Saturday, 10 August 2013
I am enjoying the experience of reading a Poul Anderson novel for the first time, especially since this is the last time that I ever will. I have read as far as p. 200, of 300, in For Love And Glory (New York, 2003) so I cannot yet comment on the book as a whole.
So far, and this could change, the novel has confounded any expectations:
the guy who we thought would be the villain becomes instead a sympathetic character (in this respect, although not in any other, he resembles Mr D'Arcy of Pride And Prejudice);
neither the Gargantuan who resembles a Wodenite nor the issue of the Forerunners remained on-stage for very long;
the collision between two massive black holes has come and gone without as yet any dramatic cosmic repercussions (there was a description of the explosion but the main narrative emphasis was on its consequences for the characters);
the heroine and the guy who is not the villain are back together looking for a lost friend down on a planetary surface;
there have been hints of human-AI interaction on Earth but no details as yet;
there are interstellar, inter-species politics but no wars or imperialism;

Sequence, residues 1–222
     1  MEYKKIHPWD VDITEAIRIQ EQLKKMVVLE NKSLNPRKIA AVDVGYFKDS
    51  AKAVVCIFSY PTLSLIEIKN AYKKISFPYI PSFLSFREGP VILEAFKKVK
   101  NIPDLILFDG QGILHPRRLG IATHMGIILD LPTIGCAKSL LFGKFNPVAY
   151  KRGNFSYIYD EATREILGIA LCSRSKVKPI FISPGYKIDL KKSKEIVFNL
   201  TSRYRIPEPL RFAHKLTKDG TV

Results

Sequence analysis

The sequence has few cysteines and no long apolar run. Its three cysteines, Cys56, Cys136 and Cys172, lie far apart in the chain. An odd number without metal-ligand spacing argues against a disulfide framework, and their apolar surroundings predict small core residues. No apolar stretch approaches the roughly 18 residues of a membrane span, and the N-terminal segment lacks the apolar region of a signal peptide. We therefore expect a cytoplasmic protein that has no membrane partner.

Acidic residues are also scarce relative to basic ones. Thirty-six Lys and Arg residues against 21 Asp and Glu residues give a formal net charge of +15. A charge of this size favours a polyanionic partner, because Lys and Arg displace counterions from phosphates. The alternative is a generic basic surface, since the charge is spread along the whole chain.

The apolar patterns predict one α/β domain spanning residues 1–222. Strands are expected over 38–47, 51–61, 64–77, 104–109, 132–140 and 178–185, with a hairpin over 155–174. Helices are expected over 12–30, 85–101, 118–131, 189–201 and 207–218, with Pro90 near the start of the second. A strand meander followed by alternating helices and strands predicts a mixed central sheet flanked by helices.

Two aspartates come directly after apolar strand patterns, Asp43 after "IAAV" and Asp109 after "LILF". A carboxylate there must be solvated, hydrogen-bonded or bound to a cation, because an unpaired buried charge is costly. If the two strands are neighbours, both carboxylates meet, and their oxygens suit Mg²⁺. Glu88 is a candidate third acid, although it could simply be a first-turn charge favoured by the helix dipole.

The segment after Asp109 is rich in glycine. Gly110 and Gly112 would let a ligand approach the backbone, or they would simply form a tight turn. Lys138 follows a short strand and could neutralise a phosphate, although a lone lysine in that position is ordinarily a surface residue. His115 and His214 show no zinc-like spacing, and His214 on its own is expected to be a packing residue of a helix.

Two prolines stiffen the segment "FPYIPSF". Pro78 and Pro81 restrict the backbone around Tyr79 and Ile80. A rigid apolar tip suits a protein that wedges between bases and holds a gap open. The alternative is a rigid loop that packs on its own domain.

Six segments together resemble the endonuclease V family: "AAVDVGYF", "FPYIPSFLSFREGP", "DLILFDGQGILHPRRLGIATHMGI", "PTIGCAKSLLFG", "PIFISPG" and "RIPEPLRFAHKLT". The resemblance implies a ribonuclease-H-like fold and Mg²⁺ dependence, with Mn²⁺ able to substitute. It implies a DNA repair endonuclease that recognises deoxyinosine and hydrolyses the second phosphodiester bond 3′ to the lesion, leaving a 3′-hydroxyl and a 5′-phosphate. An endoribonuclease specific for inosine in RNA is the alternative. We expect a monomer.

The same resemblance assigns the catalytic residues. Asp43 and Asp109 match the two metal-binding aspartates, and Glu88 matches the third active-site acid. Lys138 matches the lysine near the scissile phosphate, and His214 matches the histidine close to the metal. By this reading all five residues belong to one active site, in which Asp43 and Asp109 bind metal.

in fact, life seems to be quite relaxed in accordance with the extended lifespans of the human characters - every time they rejuvenate to the physical age of twenty, they begin a new "cycle";
there has been a threatened space battle but no hostilities as yet;
no fisticuffs, characters held at gun-point, escaping, being pursued etc.
Christianity survives not as the Jerusalem Catholic Church of Anderson's Technic Civilization History but as Neocatholicism and Josephanism (p. 169).
Comments on the macro-relationships between some future histories might be appropriate:
Isaac Asimov wrote the Robots and Empire future history and created Isaac's Universe;
Poul Anderson incorporated his own two Isaac's Universe stories in changed form into For Love And Glory and wrote, among others, the Technic Civilization future history.
Thus, Robots and Empire, Isaac's Universe, FLAG and the Technic History are four distinct series, of which I can vouch for the quality and readability of the third and fourth. (FLAG is presented as a single novel but nevertheless incorporates two originally separate stories and its narrative structure is episodic.)